Sturdy ties keep us stable
By Marise Payne, Herald Sun. Friday 11th February 2022
DIPLOMACY can be like scaffolding. It strengthens and stabilises; it provides confidence and balance; it enables us to build.
The foundations of Australia's region, the Indo-Pacific, are under pressure. The stability and security that had been carefully maintained for decades, enabling a remarkable period of prosperity, are being strained.
Countries that share a vision of a stable region underpinned by principles such as openness, the protection of national sovereignty, and the observance of rules and fair play in trade and international security, must work together to strengthen our bonds and cooperate more closely.
The Quad grouping of Australia, India, Japan and the United States represents such strengthening and closeness. Spanning the Pacific Ocean to the Indian Ocean, and the from Southern Ocean up to the Sea of Okhotsk, our four nations embody the great breadth and diversity of the Indo-Pacific.
On Friday in Melbourne, I will meet for the fourth time with my counterparts from these countries, all very good friends to Australia.
We will discuss key regional issues including how drawing on our shared democratic values helps to ensure our region remains one in which each country's sovereignty is respected, where might does not make right, and where the same rules apply to all countries, whether they are giants or small island states.
This is one crucial part of Australia's approach to managing the period of strategic competition into which our region has moved - and which is set to intensify.
Whether it is the Quad, our deepening partnership with ASEAN, our readiness to work hand-in-hand with our Pacific family or the AUKUS technologyco-operation agreement with the US and UK, Australia is investing heavily in our network of friendships.
We are participants in this strategic competition and we will not step back from our focus of ensuring the rules of fairness, equality and transparency are followed by all, for the benefit of all.
The Quad has particular value because we are four of the leading democracies in the region, with the will and the capability to work with all our friends and partners, while standing firm against the risk authoritarianism poses to all countries who do want to make their own strategic decisions, free from coercion.
Australia and other countries - including Lithuania, whose foreign minister I was pleased to host in Canberra this week - have faced economic coercion in recent years.
Australia has stood firm, and others around the world will look at what authoritarian nations are doing and understandably consider the impact coercion and bullying could have on their own economies and their people.
Some authoritarian nations are knowingly taking advantage of the vulnerability of others during the Covid-19 pandemic. Indeed, the pandemic has only added to, and complicated, many of the challenges our region is facing: whether it is the erosion of democracy in Hong Kong, attempts to undermine international law in the South China Sea or Myanmar's military regime perpetrating violence against its own people.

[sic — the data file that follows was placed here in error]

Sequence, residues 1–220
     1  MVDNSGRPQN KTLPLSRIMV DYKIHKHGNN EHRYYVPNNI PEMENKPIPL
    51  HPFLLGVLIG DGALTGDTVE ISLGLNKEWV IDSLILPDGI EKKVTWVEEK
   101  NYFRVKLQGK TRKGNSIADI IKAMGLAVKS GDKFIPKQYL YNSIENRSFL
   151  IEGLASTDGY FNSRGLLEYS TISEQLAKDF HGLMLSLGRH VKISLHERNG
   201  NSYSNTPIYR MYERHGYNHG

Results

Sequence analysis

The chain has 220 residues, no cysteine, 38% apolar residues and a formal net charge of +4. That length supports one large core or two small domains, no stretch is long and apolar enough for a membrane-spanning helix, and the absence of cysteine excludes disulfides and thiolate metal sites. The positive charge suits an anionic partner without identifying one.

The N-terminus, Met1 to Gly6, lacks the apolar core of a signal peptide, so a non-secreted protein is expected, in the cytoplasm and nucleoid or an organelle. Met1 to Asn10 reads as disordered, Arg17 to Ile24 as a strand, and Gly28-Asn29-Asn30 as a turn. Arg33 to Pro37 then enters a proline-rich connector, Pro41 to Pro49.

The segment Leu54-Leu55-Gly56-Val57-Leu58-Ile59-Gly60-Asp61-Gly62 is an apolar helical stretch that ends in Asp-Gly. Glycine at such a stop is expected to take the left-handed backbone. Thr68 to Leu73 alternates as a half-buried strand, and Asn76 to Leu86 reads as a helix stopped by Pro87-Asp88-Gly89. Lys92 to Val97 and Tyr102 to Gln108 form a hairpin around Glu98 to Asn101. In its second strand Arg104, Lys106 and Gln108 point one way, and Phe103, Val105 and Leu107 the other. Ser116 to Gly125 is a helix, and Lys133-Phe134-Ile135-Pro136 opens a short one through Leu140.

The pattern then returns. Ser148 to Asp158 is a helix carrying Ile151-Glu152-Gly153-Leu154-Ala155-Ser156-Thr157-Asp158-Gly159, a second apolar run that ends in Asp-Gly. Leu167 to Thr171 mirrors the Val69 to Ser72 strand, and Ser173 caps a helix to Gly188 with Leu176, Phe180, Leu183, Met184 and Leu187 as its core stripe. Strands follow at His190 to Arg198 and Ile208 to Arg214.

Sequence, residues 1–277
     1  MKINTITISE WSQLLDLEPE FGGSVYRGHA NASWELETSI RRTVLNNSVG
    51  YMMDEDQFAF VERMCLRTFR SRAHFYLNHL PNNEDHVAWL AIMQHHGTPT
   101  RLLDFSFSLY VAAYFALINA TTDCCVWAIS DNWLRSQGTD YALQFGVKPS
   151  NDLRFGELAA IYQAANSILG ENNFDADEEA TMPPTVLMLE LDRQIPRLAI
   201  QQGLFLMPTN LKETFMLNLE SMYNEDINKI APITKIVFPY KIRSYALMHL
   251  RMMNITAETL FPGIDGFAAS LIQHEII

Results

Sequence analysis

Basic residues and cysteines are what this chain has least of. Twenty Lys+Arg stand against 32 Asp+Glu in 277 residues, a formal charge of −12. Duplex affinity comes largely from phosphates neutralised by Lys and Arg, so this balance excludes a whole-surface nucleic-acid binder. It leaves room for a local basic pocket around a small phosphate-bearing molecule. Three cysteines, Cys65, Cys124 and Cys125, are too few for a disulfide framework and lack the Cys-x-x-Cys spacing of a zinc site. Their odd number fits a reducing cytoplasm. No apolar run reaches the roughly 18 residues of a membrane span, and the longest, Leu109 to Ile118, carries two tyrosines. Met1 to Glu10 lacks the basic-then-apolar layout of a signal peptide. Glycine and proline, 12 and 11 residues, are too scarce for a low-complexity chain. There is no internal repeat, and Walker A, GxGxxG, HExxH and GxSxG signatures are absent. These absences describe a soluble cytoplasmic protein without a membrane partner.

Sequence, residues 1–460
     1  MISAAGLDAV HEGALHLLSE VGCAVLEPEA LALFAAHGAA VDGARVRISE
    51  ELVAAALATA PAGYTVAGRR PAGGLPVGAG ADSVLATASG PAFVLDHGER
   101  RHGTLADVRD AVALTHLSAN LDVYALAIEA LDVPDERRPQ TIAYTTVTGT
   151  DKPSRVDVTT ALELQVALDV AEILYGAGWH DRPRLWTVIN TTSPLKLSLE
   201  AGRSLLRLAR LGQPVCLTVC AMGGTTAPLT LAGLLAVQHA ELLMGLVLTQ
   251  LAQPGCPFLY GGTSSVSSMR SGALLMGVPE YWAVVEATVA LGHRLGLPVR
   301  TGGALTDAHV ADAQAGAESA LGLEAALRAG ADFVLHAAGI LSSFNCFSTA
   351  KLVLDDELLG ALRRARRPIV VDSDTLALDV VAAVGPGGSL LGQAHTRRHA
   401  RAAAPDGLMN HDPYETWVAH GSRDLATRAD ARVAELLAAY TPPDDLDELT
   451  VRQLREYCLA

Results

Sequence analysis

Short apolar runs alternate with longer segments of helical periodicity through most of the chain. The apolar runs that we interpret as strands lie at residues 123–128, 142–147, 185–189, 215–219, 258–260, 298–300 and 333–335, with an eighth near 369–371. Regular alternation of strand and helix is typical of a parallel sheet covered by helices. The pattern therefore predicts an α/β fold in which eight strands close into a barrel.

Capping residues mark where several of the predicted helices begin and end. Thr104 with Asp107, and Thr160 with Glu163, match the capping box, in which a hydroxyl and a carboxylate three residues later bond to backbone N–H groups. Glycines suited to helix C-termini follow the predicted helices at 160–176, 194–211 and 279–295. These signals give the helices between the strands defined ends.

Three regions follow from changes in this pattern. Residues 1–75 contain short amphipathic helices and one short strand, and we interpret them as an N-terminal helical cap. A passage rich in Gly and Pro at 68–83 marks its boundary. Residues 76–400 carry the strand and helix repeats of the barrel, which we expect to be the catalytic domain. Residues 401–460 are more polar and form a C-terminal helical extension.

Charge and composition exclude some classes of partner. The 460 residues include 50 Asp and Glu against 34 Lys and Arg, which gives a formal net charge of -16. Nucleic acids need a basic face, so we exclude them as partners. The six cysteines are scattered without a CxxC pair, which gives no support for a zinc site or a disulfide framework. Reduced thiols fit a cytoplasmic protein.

The Quad is, in effect, a democratic counterweight to these disruptive trends. It is a clear demonstration a network of nations motivated by regional solidarity exists to support other countries and thereby the Indo-Pacific neighbourhood as a whole.
Dependable networks are good stabilisers - the scaffolding in times of uncertainty. The Quad gives confidence to other countries by working together to build the resilience of our region through practical support. Most immediately we are ensuring Covid vaccines reach all corners of our region - with no strings attached.
Already, the Quad countries have delivered 485 million doses under our pledge to donate more than 1.3 billion globally.
We are supporting the development of infrastructure that serves the needs of regional nations and their people, spurs economic growth and does not burden developing nations with debt they cannot afford.
Today, we will also discuss bolstering maritime security to ensure trade can flow freely; building resilience against foreign interference, including dangerous and malicious disinformation; and defending against cyber attacks while negotiating a better international rule book so that the internet is not a lawless space.
Australia knows economic growth, better health and greater stability for our region is good for all of us. Australians will be safer and more prosperous living in a region where all people thrive and trade rather than fight, withdraw or continue to suffer under the burden of health crises such as Covid.
The Quad is not exclusive: we are working with our region, including with the ASEAN nations, who we all agree are central to Indo-Pacific stability and prosperity.
The fact my three counterparts have made this journey despite other challenges, ranging from the pandemic to Russia's latest aggression against Ukraine, shows their strong commitment.
Our region will change with or without us. It is squarely in our interests to work together in shaping this change for the good of future generations of Australians.